With Chile still writhing from last week’s 8.8 magnitude earthquake, there are tons of disaster relief agencies working to raise money and send support and supplies. As with Haiti’s recent disaster, a familiar trend is surfacing: text giving. Much like the strategy that the American Red Cross used to respond to Haiti’s earthquake, more organizations than ever are turning to text giving as a strategy to quickly raise money to support Chile’s recovery.
If you want to support the relief effort in Chile by text giving, here is a sampling of organizations that have set up text giving opportunities:
- Text CHILE to 90999 to donate $10 to the American Red Cross
- Text CHILE to 23583 to donate $10 to Habitat for Humanity
- Text CHILE to 20222 to donate $10 to World Vision
- Text CHILE to 50555 to donate $10 to Friends of the World Food Program
- Text CHILE to 52000 to donate $10 to The Salvation Army
- Text REBUILD to 50555 to donate $10 to Operation USA
- Text 4CHILE to 50555 to donate $10 to Convoy of Hope
- Text CHILE to 864833 to give $10 to the United Way
At JVA Consulting, it’s encouraging for us to see more organizations incorporating text giving because this strategy engages individual donors and effectively employs the power of low-level donations. Plus, it makes giving really easy for donors so organizations can quickly raise money for disaster relief.
There are other lessons learned from the Haiti relief effort that should be remembered as donors choose how to offer their support to Chile. As with any large-scale natural disaster or tragedy, many scams were born out of the Haiti earthquake and the same is true for Chile.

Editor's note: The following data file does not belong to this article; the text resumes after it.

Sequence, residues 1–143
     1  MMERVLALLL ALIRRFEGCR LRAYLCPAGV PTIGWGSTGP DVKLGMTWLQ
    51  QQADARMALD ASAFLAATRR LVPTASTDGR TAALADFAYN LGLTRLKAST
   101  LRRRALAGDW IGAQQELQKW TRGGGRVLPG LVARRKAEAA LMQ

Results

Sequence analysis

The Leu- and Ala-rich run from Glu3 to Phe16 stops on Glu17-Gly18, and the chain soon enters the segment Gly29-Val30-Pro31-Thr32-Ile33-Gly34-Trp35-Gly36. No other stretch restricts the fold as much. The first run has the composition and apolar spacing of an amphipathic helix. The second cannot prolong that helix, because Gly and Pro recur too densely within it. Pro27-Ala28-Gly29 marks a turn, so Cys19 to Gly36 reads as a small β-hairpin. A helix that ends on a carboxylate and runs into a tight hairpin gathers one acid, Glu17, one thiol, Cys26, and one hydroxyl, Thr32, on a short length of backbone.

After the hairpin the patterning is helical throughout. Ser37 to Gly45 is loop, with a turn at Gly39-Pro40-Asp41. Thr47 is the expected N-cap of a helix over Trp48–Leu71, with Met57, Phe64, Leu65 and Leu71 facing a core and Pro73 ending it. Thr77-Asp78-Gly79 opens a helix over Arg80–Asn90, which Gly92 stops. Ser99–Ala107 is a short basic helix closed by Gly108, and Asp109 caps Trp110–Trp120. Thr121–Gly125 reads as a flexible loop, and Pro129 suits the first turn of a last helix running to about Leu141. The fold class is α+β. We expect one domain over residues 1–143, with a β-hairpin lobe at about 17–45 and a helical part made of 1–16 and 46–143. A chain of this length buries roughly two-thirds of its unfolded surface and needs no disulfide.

The FBI released a scam alert following the Haiti earthquake, warning donors to apply a critical eye to organizations requesting donations and to do their due diligence before donating. The FBI also warns:
- Do not respond to any unsolicited (spam) incoming emails, including clicking links contained within those messages.
- Be skeptical of individuals representing themselves as surviving victims or officials asking for donations via email or social networking sites.
- Verify the legitimacy of nonprofit organizations by utilizing various Internet-based resources that may assist in confirming the group’s existence and its nonprofit status rather than following a purported link to the site.
- Be cautious of emails that claim to show pictures of the disaster areas in attached files because the files may contain viruses. Only open attachments from known senders.
- Make contributions directly to known organizations rather than relying on others to make the donation on your behalf to ensure contributions are received and used for intended purposes.
- Do not give your personal or financial information to anyone who solicits contributions–providing such information may compromise your identity and make you vulnerable to identity theft.
If you are unsure about donating to a particular organization, there are online resources available to verify a nonprofit’s legitimacy. GuideStar is a great place to start because it offers information gathered from tax forms that nonprofits must submit to the I.R.S. each year. Charity Navigator is another useful option. This Web site rates the financial health of nonprofit organizations and awards its 4-Star rating to those meeting the highest standards of financial health.
When there is less time to deliberate because of the urgency that comes along with disasters like the Chile and Haiti earthquakes, Web sites like these can be useful tools for donors who want to contribute to disaster relief.